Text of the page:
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Machine or master? An eye on AI

“It’s so powerful that if we don’t keep on top of it, artificial intelligence could take over…The more it learns, the faster it learns. It’s exponential”

26 Feb 2018 by Andrew McClean, Selina Powell, Laurence Derbyshire

The boundless potential of artificial intelligence (AI) was highlighted during presentations at 100% Optical (27–29 January).

Consultant ophthalmologist, John Bolger, emphasised the importance of people engaging with AI, rather than ignoring the advance of the technology.

“It’s not science fiction, it’s here,” he said.

He observed that machine learning has progressed to the point where AI can beat the world master in the ancient Chinese strategic game of Go in a matter of seconds.

Some people are hesitant about the intelligent potential of machines – although this caution does not extend to physical tasks that only machines can accomplish, Mr Bolger shared.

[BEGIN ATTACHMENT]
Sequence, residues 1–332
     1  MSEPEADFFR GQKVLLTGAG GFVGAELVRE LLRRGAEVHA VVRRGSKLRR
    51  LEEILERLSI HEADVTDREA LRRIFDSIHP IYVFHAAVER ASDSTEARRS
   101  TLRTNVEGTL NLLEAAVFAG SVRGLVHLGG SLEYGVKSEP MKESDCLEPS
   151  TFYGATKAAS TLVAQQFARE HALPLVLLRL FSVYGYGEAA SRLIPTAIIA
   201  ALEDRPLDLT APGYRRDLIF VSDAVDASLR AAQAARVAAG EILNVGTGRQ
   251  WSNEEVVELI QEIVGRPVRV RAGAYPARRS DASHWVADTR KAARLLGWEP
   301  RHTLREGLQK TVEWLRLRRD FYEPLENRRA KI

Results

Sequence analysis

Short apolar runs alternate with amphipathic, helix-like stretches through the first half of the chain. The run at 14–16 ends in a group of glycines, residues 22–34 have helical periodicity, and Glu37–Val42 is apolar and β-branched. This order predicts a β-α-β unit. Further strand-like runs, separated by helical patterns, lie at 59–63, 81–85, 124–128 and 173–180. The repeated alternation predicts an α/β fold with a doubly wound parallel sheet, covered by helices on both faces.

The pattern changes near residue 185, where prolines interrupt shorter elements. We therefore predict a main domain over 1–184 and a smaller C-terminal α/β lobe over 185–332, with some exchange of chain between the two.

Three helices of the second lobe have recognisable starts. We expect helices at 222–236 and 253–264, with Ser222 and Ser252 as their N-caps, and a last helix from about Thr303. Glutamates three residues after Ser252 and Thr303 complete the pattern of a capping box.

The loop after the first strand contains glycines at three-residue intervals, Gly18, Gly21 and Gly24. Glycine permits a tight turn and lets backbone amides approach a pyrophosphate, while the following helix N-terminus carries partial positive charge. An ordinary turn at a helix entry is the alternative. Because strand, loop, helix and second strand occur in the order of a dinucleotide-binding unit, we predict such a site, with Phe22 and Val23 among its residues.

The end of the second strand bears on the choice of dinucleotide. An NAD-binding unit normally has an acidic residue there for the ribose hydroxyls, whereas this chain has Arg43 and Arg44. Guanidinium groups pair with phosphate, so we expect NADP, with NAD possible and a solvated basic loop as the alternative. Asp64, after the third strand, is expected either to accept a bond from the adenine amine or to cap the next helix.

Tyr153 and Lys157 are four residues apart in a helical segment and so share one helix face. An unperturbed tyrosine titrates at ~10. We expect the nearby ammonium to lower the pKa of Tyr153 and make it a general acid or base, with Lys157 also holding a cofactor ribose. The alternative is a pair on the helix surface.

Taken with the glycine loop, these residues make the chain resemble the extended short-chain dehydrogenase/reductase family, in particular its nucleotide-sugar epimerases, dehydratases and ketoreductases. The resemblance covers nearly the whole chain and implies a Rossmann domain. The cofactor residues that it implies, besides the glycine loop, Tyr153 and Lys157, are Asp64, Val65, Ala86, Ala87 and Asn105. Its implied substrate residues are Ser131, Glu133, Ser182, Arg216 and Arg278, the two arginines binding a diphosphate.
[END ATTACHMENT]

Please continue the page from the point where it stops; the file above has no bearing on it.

“We have no problem with mechanical advantage. This building could not have been built by human hands alone,” he observed.

“Just like we need forklifts, we need artificial intelligence,” he added.

Mr Bolger highlighted that it is important that the “exponential” potential of AI is harnessed in the right way.

“It’s so powerful that if we don’t keep on top of it, artificial intelligence could take over…The more it learns, the faster it learns,” he emphasised.

Leading academic, Fei-Fei Li has recognised the need to democratise the use of the technology, Mr Bolger added.

“AI shouldn’t just be in the hands of the few,” he said. 

De-risking day-to-day practice

Consultant ophthalmic surgeon at King’s College Hospital and chief medical officer of Visulytix, Sameer Trikha, told 100% Optical attendees that “we are not keeping up” with the increasing global demand for eye care.

He explained that by 2020 it is estimated that 80 million people globally will be living with glaucoma and 196 million will be living with age-related macular degeneration.

Mr Trikha said that AI will allow practitioners to “de-risk day-to-day practice” by recognising eye diseases earlier and treating them quickly.

“In clinical practice, we live on the edge for fear of missing something,” he emphasised, adding that AI presents an opportunity to “redesign the system,” which will lead to better decision-making for patients.

He detailed the types of AI systems that are available and how they work, explaining that the level at which they operate can match that of top experts.

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